FOR IMMEDIATE RELEASE
September 19, 2014
|CONTACT: James F. Jorkasky
AS CR PASSES, NAEVR URGES CONGRESS TO FINALIZE FY2015 APPROPRIATIONS IN THE LAME DUCK SESSION WHICH
ADEQUATELY FUND MEDICAL RESEARCH
(Washington, D.C.) Today, National Alliance for Eye and Vision Research (NAEVR) Executive Director James Jorkasky issued the following statement regarding House Joint Resolution 124, the Continuing Resolution (CR) that funds most government operations in Fiscal Year (FY) 2015 at the FY2014 funding level until December 11, 2014. The House and Senate passed the CR on September 17 and 18 respectively, clearing the measure for the President’s signature. Since the CR includes new funding for Ebola response and research that was not within FY2014 spending levels, it makes an across-the-board cut of 0.0554 percent. This translates to an annualized cut of $378,000 to the National Eye Institute’s (NEI) FY2014 appropriation of $682.4 million, which is about the current $400,000 value of one investigator-initiated grant (R01).
“Although Congress passed a CR that avoids a government shutdown as FY2015 begins, NAEVR urges legislators to make final “regular order” appropriations a priority in the lame duck session and to adequately fund medical research, including vision research.
The National Alliance for Eye and Vision Research (NAEVR) is a 501(c)4 non-profit advocacy coalition comprised of 55 professional, consumer, and industry organizations involved in eye and vision research. Visit the Web site at www.eyeresearch.org.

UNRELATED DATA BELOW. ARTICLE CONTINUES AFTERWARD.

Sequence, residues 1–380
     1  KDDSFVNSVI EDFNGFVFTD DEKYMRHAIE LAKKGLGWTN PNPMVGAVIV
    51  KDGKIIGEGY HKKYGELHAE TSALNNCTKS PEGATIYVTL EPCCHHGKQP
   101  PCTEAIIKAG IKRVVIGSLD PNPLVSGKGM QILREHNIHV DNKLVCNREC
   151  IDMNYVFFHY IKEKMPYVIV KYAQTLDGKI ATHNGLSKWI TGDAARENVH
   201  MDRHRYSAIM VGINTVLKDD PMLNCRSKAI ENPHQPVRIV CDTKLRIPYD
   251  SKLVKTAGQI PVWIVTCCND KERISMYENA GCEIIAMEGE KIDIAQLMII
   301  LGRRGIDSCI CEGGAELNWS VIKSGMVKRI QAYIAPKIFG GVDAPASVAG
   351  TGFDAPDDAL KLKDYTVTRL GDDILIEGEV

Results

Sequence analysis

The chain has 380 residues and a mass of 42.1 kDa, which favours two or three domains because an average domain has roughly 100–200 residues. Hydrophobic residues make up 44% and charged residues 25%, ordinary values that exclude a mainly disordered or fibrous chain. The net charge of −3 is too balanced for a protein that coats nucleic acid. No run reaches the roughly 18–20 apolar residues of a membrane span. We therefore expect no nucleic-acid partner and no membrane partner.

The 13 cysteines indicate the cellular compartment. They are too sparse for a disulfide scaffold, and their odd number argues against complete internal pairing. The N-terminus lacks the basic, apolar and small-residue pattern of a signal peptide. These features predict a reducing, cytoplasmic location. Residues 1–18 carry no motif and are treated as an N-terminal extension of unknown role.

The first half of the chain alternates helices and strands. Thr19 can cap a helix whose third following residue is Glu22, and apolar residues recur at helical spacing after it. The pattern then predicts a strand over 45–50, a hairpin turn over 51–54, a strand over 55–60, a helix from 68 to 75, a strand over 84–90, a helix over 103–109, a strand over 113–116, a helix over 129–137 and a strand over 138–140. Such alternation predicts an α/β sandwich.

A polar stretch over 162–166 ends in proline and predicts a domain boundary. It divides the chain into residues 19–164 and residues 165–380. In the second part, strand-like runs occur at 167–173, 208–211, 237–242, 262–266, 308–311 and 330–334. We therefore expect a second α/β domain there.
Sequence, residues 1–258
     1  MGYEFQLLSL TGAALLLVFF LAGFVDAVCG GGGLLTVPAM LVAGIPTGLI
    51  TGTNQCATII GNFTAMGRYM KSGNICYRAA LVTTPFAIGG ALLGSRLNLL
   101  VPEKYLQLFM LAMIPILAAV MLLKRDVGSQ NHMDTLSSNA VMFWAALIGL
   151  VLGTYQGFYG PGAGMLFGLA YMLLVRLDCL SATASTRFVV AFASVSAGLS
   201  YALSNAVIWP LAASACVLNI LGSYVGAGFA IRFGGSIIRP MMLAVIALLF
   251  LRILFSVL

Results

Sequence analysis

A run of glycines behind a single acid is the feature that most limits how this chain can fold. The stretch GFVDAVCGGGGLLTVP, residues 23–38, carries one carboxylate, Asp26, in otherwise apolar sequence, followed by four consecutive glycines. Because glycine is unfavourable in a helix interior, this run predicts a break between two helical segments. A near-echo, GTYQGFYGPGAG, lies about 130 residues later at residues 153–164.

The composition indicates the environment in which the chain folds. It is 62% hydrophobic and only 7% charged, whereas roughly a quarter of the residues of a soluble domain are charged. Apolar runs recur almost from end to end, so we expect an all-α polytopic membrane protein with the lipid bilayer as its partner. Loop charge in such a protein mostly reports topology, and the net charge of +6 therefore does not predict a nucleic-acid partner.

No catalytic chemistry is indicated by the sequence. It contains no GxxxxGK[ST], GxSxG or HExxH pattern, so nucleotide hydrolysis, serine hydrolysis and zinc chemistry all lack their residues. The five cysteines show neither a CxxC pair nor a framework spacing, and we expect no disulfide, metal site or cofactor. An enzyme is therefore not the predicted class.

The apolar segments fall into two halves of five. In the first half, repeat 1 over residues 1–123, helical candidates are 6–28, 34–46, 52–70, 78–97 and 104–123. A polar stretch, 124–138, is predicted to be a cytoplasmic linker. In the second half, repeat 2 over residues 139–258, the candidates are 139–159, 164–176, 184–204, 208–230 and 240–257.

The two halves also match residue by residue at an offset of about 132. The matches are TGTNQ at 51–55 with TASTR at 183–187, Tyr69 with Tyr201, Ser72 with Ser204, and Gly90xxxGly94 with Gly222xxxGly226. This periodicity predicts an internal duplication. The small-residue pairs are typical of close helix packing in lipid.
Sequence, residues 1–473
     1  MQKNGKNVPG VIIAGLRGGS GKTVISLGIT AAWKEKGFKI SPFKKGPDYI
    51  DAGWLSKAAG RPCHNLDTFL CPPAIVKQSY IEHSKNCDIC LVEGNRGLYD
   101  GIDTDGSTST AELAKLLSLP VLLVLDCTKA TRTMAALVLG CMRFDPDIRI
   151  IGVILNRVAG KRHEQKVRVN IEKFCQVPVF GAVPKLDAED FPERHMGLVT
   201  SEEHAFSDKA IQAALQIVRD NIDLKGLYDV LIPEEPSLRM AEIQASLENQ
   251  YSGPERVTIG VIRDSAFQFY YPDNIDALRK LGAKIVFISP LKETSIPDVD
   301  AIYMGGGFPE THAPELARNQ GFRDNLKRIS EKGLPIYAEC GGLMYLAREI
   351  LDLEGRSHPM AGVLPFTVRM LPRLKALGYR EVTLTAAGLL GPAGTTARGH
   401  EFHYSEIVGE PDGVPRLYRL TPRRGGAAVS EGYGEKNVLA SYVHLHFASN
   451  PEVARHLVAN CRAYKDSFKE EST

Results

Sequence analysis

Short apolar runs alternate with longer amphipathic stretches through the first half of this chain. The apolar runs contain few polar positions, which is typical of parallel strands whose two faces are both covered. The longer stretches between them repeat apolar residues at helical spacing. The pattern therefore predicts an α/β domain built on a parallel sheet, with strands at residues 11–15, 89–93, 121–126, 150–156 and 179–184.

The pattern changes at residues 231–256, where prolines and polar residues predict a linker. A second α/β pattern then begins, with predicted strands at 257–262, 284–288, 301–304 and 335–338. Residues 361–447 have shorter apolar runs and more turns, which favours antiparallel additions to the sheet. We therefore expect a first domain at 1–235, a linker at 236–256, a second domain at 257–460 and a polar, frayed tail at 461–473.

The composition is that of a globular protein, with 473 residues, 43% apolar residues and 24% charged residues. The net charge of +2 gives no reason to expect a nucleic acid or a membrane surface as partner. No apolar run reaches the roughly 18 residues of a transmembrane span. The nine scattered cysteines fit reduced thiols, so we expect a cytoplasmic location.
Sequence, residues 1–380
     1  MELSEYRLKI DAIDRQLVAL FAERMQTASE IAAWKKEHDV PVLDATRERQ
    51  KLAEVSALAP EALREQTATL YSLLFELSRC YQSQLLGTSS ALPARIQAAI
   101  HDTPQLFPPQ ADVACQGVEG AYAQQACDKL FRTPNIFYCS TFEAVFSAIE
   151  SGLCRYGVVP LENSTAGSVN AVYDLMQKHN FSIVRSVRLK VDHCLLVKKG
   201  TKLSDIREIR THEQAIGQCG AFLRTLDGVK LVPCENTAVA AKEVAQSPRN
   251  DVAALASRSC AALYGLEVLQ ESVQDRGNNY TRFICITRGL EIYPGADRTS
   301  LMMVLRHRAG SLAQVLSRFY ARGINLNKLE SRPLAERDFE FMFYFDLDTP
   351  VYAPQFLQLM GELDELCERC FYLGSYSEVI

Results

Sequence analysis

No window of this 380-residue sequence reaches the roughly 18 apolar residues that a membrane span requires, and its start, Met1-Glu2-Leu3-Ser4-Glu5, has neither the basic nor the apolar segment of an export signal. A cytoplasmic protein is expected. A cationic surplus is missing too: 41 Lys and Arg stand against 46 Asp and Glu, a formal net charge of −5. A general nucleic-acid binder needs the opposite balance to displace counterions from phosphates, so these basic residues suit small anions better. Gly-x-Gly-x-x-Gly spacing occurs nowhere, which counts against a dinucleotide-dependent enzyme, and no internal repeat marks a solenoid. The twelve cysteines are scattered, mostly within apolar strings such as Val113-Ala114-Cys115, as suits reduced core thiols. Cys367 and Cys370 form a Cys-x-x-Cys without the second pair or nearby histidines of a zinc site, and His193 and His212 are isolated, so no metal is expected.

As Congress was voting on the CR that further reduces medical research funding at the National Institutes of Health (NIH), including the NEI, the Alliance for Eye and Vision Research (AEVR, NAEVR’s educational foundation) was releasing a new study entitled The Public’s Attitudes about the Health and Economic Impact of Vision Loss and Eye Disease. Americans are united in the view that not only is eye and vision research very important and needs to be a national priority, but many feel that the current federal funding of $2.10 per-person, per-year is not sufficient and should be increased. The public fears vision loss and its impact on their independence and quality of life.
As NAEVR has testified to Congress, as the NEI budget has been decreasing since FY2012 due to a combination of flat funding, sequester cuts, and the lack of inflationary increases, the prevalence of eye disease and vision impairment has been increasing, as has the associated cost, estimated at $145 billion annually in 2014 and projected to grow to $717 billion by year 2050.”